There's a plan for the third biggest Great Lake, Huron, to be tapped by a 72 to 78 inch pipeline.
The Karegnondi Water Authority (KWA) is planning to start construction on a pipeline that will carry Lake Huron water to areas around the I-69 corridor of Michigan's Thumb area.
(Karengnondi is a old Petan Indian word meaning "lake.")
The KWA is made up of officials from Flint, Lapeer, Genesee County, Lapeer County, and Sanilac County.
The Flint Journal reports that Genesee County Drain Commissioner Jeff Wright said the county has started designing the "massive intake to draw water from Lake Huron," and that ground should be broken on the new water pipeline project by fall.
"We are starting the design of the intake," which will allow for construction on that piece of the $600 million pipeline project, Wright said.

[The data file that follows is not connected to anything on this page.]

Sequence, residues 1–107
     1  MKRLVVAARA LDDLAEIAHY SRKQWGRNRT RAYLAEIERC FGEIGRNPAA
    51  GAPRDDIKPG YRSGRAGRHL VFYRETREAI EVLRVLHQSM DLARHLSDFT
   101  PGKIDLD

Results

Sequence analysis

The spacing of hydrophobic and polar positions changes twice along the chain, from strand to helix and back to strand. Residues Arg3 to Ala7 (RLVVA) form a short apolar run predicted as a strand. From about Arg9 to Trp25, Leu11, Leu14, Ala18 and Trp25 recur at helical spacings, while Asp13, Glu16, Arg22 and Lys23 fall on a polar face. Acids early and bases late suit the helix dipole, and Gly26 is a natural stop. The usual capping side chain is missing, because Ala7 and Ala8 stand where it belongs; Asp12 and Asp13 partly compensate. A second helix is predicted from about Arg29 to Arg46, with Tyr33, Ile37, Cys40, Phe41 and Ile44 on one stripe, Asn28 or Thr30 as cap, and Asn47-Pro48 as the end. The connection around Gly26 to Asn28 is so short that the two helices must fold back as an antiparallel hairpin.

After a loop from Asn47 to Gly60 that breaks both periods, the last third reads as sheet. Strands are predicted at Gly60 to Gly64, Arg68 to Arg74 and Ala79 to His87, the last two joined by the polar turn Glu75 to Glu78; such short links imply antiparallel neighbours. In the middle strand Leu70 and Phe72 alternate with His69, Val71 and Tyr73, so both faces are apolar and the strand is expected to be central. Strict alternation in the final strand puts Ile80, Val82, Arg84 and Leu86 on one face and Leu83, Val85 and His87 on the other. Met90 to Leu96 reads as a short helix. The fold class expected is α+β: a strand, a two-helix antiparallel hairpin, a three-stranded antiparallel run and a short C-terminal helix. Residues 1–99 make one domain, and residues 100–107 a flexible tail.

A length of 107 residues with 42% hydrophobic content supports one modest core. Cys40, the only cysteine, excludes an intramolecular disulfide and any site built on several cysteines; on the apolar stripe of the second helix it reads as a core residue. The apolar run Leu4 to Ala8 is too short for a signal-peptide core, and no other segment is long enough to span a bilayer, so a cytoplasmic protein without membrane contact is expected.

The drain commissioner said the intake itself, which is expected to cost about $30 million, will take longer to finish than any other part of the project, and "the design requirements are the same whether any community drops out (of the project) or not."
The City of Flint, initially a partner in the project, might be forced to step aside because of its financial situation.
On it's website, the KWA says the pipeline is being built to "avoid increased water rates from the City of Detroit, which could increase by up to 15% per year."